It’s also possible to apply using regular mail by printing out an application form and filling it out. You can then send it via mail to the following address:

  • Life Support Center,
  • P.O Box 7081,
  • London, KY 40742

Online applications are made via this link: https://nationalverifier.servicenowservices.com/lifeline. In the case of an ISP, you have to go to their website and search for “Lifeline.” That should open the National Verifier website, where you can complete the application. Alternatively, you can fill out the form manually and mail it to the ISP’s headquarters address, available on their official website.

What Do I Need to Apply for Free Government Internet?

Regardless of how you make the application, there are several things you need to provide, including the following:

1) Filled-Out Application Form

If you’re applying online, you must fill out and submit the form, providing all the needed information. Offline applications involve printing out the form, filling it out before sending it to the Life Support Center or ISP via email.

2) Proof of Low Income

It is also necessary to prove that you have a low income as defined by existing federal standards. The following documents are acceptable as proof of low income:

  • The previous year’s tribal or federal tax return
  • Statement of Social Security benefits
  • Current paycheck tub or income statement from an employer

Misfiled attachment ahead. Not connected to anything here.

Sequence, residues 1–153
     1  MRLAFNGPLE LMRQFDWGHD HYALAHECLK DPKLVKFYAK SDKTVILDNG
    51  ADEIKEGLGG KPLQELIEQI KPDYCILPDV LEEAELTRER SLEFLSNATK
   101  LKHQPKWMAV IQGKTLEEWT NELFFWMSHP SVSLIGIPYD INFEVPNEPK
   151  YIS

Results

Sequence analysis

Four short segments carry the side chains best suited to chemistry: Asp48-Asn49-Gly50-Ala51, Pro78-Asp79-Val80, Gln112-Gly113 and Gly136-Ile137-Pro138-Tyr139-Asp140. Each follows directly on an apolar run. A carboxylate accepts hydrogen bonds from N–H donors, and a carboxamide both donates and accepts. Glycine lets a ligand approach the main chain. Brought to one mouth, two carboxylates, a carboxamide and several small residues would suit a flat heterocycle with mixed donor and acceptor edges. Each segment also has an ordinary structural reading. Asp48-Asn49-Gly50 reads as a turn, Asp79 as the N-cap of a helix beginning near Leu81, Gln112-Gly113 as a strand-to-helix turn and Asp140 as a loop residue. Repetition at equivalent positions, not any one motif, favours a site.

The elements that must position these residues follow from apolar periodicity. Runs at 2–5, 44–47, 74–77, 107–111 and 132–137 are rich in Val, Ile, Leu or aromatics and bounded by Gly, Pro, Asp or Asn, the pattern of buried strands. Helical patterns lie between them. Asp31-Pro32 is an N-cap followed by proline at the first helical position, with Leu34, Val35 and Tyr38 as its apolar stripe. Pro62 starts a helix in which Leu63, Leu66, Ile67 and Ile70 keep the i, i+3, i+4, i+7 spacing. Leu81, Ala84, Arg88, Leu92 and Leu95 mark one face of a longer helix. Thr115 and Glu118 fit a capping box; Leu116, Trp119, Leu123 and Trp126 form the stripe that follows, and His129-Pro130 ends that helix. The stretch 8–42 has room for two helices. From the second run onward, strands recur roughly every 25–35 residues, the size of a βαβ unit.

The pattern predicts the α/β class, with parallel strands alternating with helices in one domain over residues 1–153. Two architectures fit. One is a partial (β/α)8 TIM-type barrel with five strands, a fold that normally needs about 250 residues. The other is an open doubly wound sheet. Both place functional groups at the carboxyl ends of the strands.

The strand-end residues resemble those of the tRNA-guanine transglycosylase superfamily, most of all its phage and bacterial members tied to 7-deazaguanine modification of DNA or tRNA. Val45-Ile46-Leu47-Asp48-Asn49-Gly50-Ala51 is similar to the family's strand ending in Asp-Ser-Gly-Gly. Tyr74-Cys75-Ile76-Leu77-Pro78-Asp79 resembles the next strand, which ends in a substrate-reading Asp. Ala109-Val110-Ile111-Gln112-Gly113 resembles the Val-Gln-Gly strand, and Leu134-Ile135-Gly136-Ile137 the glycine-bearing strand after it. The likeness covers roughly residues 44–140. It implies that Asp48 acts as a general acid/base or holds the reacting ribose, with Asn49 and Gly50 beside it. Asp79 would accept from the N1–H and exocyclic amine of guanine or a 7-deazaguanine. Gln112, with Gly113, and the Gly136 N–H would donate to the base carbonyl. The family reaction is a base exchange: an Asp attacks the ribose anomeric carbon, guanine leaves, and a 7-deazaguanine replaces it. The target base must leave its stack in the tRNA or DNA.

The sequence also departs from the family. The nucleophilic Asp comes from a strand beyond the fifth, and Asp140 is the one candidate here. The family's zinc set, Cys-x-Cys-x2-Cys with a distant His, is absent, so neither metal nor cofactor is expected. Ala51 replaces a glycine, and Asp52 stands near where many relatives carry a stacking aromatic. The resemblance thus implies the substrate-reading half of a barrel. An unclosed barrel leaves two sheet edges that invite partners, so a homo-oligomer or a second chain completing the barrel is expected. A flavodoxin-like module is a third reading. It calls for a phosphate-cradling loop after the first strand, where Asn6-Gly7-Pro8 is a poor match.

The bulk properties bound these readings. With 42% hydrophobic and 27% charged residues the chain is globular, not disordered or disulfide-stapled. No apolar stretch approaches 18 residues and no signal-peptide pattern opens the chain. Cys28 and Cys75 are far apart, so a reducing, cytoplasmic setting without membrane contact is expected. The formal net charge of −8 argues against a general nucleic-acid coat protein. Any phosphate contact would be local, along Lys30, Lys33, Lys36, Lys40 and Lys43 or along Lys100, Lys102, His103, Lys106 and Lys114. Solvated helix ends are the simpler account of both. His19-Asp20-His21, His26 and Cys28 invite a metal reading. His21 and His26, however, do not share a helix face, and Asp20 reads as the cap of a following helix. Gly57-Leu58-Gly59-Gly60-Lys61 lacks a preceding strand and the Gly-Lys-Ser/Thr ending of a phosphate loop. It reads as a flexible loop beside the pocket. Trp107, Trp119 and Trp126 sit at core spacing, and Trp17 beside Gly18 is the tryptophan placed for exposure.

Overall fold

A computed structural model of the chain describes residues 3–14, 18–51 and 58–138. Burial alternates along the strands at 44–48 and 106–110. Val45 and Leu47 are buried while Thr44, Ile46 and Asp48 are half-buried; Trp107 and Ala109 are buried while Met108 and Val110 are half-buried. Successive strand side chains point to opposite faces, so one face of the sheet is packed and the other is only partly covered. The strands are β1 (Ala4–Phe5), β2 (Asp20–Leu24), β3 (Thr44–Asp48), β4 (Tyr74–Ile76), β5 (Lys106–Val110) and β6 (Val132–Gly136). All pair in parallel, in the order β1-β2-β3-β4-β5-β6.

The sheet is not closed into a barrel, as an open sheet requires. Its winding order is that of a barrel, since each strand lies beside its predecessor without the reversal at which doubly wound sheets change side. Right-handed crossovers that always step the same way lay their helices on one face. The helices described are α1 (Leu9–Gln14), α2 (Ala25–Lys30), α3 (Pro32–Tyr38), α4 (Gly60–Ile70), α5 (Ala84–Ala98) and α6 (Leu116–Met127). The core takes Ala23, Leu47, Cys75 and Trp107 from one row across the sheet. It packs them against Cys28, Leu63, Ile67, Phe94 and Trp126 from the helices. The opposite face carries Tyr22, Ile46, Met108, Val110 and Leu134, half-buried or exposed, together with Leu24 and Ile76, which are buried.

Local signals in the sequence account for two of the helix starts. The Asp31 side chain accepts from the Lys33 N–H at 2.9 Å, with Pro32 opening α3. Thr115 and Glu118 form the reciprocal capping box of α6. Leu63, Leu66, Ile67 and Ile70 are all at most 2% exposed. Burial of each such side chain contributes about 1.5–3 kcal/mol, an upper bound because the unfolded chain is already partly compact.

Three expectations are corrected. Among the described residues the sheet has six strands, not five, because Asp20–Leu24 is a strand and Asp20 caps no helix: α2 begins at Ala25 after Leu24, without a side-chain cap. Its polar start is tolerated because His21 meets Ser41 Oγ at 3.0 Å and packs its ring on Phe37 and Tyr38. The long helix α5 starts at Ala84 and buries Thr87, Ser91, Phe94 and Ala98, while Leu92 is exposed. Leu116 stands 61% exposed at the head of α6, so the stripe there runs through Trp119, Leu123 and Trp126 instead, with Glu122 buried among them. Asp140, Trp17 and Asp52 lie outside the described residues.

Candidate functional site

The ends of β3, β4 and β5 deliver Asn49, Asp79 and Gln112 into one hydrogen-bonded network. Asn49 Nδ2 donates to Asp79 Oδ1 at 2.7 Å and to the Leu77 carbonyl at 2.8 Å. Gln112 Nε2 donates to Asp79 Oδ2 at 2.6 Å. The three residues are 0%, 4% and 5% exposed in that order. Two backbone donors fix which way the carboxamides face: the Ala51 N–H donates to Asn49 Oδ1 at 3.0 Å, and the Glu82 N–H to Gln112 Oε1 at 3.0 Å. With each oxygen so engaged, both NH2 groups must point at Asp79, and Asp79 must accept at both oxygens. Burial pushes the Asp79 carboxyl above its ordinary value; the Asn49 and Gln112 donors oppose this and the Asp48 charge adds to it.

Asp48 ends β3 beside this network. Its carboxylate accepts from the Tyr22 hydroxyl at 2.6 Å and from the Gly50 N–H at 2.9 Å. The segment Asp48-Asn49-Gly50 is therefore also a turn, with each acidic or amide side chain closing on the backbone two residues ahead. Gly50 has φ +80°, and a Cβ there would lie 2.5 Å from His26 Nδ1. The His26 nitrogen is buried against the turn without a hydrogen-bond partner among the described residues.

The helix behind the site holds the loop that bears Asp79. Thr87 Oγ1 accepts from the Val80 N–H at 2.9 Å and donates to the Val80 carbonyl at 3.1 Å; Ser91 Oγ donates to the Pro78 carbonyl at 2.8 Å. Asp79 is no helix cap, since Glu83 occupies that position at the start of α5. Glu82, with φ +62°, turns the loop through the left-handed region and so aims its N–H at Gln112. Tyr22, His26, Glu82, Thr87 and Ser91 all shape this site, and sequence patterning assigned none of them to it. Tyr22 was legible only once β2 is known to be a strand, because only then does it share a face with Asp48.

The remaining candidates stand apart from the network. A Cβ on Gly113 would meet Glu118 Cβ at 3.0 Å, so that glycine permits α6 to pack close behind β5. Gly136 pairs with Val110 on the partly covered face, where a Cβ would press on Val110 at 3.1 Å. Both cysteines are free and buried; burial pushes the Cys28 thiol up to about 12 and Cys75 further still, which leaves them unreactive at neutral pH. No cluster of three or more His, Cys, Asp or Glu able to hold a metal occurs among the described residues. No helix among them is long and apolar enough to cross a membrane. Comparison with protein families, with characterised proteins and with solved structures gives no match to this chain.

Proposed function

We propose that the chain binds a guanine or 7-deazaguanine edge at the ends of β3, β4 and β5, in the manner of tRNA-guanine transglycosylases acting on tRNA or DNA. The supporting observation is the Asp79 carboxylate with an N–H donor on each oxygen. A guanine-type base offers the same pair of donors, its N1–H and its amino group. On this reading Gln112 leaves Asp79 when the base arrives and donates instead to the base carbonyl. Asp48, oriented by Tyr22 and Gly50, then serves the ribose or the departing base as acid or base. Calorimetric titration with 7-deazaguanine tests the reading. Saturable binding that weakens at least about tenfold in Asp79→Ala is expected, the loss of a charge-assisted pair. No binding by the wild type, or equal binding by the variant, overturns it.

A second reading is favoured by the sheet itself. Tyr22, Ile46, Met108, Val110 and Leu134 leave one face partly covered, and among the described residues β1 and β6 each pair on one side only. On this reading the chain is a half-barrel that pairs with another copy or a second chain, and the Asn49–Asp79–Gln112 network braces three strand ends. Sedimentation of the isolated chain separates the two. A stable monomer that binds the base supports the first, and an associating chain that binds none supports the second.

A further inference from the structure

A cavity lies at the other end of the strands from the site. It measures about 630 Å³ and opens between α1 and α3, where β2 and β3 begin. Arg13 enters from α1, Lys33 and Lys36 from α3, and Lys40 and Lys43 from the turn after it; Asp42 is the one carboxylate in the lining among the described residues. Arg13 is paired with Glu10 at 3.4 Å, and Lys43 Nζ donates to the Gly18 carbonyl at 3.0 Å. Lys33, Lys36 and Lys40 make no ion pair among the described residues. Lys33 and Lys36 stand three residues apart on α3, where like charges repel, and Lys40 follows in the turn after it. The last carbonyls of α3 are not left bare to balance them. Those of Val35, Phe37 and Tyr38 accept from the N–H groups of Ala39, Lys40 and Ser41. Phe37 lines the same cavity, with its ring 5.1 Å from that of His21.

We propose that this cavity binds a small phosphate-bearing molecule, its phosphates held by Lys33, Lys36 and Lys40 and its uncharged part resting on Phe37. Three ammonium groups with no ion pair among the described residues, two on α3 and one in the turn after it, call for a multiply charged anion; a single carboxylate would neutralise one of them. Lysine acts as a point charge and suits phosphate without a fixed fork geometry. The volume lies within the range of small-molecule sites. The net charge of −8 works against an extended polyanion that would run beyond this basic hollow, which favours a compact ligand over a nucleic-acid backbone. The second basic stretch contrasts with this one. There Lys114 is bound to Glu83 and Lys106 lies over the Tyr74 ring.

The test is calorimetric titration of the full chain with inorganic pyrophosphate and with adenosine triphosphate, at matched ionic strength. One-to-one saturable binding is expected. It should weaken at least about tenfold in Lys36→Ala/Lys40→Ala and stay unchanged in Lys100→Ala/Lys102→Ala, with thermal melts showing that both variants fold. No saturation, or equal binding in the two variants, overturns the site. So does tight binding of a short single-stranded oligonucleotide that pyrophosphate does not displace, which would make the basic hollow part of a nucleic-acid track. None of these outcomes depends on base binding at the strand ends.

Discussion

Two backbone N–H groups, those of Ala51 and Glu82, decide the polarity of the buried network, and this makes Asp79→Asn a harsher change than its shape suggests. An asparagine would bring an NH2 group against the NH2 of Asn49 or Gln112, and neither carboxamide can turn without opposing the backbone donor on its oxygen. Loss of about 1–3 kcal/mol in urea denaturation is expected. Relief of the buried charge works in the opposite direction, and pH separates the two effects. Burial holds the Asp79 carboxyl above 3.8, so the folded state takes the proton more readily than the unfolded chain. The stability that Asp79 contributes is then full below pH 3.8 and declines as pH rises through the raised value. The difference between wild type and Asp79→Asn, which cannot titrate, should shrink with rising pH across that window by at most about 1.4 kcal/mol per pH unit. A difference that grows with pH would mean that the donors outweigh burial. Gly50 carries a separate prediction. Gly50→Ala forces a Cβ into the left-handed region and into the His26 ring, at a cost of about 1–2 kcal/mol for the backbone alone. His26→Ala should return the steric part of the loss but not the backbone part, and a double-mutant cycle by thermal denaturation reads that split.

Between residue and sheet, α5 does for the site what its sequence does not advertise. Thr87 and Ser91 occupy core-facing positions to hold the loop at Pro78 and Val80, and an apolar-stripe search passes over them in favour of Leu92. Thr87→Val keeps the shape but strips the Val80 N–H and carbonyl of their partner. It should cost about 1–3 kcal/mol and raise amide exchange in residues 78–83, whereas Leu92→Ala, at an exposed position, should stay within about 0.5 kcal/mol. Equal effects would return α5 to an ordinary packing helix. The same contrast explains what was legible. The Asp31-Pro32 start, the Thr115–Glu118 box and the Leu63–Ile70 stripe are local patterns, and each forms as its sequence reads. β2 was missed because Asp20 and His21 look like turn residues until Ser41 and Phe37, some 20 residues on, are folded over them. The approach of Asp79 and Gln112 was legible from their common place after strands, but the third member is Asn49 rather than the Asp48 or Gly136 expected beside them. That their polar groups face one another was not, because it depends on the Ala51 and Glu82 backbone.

• Statemen of Workers’ or Unemployment Compensation
  • Child support award, divorce decree, or other income documents
  • Federal or Tribal General Assistance letter of participation

3) Proof of Federal Support

If you’re receiving support from the federal government, you must provide documents proving it. Essentially, you need a copy of your membership card or the program’s cover letter. From these documents, the following information is provided:

  • The name of the benefit qualifying person (BQP)
  • Name of the program, like SNAP
  • Managed care organization (MCO), tribal, or government program administrator that issued the document
  • An issue date within 12 months or an expiration date that hasn’t passed the benefit period

4) Identity Documents

Also necessary is you providing identity documents such as a Social Security Card, Photo ID Card, State-Issued Driver’s License, Passport, or Passport Card. The purpose of providing these documents is to prove that it’s you applying for free government internet.

Programs for Low-Income Internet

Several of the Internet Service Providers and the FCC have programs targeting low-income families and households. While these programs depend on government subsidies, they are not free of charge but more affordable than regular internet packages. Here is an overview of the programs for low-income Internet:

1) AT&T Access Program

The AT&T Access Program provides a maximum speed of 10 Mbps. It targets households in which at least one person participates in SNAP. Even though the AT&T Access Program isn’t related to the free government internet program, it is cheaper and available for $5.00/month to $10.00/month. The cheapest AT&T plan without Lifeline support starts at $25.75/month.